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in accountingaccounting,
classification, analysis, and interpretation of the financial, or bookkeeping, records of an enterprise. The professional who supplies such services is known as an accountant. Auditing is an important branch of accounting.
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, reduction in the value of fixed or capital assets, as by use, damage, weathering, or obsolescence. It can be estimated according to a number of methods. In the straight-line method, depreciation is simply seen as a function of time; the cost of the asset, minus its value as scrap, is divided by an estimate of its life. Other methods distribute depreciation over the life of the asset by gradually increasing, or gradually diminishing, installments. The resale value of a machine generally declines most quickly during its early years; thus its depreciation is measured in decreasing installments. The opposite is true of rights of limited duration, such as copyrights and leaseholds, whose value depreciates most quickly as their date of expiration approaches. The technical name for the depreciation of such nonmaterial rights is amortization. The problem of calculating depreciation has special importance because of the need for accuracy in income tax returns. Failure to make allowance for depreciation results in overestimating income. Depreciation of money is brought about by a decline in the price of a particular currency in terms of other currencies, thereby lowering the foreign exchange value of the first currency.


See J. D. Coughlan, Depreciation (1969); R. P. Brief, ed., Depreciation and Capital Maintenance (1984).


The reduction in the value or worth of an asset, such as a building, through physical deterioration over time, and general obsolescence.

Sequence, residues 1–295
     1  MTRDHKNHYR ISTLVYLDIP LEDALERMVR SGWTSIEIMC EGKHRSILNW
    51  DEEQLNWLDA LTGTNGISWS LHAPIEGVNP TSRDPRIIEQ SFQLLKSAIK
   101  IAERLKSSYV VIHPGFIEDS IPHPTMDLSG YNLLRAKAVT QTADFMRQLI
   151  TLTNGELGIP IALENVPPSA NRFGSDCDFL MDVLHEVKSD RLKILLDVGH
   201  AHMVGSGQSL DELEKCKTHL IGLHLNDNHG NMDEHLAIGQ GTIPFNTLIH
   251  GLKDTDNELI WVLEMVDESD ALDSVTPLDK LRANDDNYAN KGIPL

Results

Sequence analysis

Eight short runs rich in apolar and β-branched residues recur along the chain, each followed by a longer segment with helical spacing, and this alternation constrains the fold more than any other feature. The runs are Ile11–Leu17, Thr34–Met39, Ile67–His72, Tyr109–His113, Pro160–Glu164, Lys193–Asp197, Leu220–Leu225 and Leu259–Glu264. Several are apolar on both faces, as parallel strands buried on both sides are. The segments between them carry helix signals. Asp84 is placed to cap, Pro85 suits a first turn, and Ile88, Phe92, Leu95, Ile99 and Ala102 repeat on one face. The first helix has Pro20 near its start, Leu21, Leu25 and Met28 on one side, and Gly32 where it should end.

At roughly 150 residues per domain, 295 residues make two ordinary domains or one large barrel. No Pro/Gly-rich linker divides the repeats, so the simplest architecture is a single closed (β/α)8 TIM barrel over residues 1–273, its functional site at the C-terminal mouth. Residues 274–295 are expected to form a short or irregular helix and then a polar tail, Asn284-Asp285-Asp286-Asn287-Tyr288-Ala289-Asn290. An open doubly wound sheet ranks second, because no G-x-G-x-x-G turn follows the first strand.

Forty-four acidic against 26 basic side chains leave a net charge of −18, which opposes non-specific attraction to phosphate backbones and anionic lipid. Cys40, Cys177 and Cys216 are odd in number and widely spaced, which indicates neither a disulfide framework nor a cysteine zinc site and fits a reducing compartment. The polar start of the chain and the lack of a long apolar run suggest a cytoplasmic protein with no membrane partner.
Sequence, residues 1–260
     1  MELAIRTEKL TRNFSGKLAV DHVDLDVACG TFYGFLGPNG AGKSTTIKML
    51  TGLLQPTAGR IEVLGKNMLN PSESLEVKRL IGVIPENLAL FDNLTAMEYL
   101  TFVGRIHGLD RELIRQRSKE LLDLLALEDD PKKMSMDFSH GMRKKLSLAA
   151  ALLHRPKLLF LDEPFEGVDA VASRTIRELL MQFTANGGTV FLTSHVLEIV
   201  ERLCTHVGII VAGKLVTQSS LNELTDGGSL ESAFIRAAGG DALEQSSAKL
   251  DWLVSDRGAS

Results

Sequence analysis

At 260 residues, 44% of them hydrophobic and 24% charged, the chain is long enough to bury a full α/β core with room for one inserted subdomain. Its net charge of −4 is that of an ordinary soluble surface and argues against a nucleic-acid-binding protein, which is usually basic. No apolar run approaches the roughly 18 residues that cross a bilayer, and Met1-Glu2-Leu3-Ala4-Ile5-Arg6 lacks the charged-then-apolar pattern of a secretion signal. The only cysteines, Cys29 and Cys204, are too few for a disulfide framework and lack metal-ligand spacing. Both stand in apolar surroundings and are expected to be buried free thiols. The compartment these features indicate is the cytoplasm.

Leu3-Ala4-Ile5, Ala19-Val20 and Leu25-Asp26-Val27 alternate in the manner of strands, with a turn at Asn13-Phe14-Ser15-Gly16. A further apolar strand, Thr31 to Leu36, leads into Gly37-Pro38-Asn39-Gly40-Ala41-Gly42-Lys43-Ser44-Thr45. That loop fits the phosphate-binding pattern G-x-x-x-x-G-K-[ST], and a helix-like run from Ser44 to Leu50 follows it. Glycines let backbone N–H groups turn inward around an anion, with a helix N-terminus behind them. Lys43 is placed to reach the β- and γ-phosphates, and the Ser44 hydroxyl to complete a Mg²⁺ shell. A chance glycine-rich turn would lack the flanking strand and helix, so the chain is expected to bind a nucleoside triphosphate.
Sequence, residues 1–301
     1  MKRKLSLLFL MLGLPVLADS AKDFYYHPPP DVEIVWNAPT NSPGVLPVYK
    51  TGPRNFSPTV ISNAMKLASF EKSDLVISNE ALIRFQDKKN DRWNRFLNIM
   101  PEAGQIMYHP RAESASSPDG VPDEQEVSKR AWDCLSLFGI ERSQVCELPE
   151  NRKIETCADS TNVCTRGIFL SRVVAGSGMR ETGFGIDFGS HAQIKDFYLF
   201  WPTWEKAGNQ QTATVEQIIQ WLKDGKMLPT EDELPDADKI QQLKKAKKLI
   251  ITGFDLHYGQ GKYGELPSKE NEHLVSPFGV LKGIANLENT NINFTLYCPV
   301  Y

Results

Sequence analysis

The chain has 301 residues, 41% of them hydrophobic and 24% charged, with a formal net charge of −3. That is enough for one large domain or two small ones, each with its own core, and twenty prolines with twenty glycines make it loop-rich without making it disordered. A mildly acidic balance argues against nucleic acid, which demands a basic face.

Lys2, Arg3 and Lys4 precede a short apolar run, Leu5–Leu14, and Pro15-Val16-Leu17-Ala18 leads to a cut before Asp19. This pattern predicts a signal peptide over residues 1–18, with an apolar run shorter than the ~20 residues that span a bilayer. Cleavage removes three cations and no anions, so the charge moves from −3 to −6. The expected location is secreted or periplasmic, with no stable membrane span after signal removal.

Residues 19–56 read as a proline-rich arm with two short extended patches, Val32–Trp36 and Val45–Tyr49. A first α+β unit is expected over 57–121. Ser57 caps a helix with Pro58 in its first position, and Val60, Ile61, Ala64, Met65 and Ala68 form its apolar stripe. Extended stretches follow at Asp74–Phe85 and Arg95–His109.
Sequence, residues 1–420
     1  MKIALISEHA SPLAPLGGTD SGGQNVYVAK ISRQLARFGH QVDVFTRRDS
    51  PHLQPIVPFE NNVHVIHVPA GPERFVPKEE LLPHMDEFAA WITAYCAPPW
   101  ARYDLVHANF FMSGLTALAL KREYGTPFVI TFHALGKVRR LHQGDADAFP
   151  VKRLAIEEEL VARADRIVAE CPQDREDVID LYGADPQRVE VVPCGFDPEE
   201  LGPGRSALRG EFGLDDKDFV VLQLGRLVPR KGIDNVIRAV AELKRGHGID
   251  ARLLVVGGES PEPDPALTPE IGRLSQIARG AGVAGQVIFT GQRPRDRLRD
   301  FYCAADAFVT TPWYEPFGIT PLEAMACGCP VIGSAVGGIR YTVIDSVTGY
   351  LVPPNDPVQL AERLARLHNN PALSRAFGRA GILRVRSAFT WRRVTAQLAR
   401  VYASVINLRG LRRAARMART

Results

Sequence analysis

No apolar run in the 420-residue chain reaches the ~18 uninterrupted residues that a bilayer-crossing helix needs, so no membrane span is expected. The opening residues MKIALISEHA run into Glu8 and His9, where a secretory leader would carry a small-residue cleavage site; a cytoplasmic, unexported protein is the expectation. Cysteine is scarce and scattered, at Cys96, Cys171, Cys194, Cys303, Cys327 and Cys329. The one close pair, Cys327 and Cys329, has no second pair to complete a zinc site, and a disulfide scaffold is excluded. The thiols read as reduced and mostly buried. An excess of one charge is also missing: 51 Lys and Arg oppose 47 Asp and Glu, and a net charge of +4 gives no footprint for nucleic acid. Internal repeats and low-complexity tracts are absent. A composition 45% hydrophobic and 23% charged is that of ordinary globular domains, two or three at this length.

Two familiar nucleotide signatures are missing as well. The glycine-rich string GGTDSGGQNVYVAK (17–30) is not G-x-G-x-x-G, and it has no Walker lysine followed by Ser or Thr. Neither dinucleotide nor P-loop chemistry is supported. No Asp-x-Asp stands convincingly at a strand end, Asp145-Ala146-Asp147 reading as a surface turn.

(industrial engineering)
Loss of value due to physical deterioration.


Economics a decrease in the exchange value of currency against gold or other currencies brought about by excess supply of that currency under conditions of fluctuating exchange rates
References in periodicals archive ?
Pursuant to section 1016(a)(2) (1) of the Internal Revenue Code (Code), (2) the basis of depreciable property is reduced by all depreciation deductions including those that produce no tax benefits for the taxpayer.
This is because all the recognized gain would be attributable to the useless tax depreciation deductions that reduced the asset's basis (3) below its original cost (hereinafter referred to as the "Basis Reduction Tax Trap").
7) Because the apartment building generated minimal rental income over that period, only $3,307 of the $28,000 of allowable depreciation deductions actually produced any tax benefits for Beulah.
One explanation for this phenomenon is that Beulah's novel reporting position (rejected by the Supreme Court) completely nullified the role of depreciation and basis reduction in the computation of her taxable gain.
Another explanation is that in its disapproval of Beulah's reporting position, though inconsistent with the facts contained in the Record of the case, (14) the Supreme Court cast Beulah as a tax villain creating the myth that her ultimate purpose was to enjoy the unwarranted benefit of double depreciation deductions.
Yet, even if Crane had been viewed as a Basis Reduction Tax Trap case, there was long-standing judicial precedent including two landmark Supreme Court cases (17) decided prior to Crane, holding that the section 1016(a)(2) basis reduction was mandatory whether or not the depreciation deductions produced tax benefits (hereinafter the "No Tax Benefit Decisions").
On the other hand, notwithstanding the likelihood of an adverse decision against Beulah, a closer examination of the No Tax Benefit Decisions reveals their main focus was to thwart taxpayer attempts to manipulate the timing of the depreciation deduction and the corresponding basis reduction in efforts to achieve the optimal tax benefit from it.
Helvering, (23) the other Supreme Court No Tax Benefit Decision decided prior to Crane, the taxpayer claimed depreciation deductions early in the depreciation recovery period that were in excess of the allowable amount.
Recognizing the importance of the mandatory section 1016(a)(2) basis reduction to prevent taxpayer abuse, however, any such amendments must not compromise the integrity of the depreciation deduction protected by the No Tax Benefit Decisions.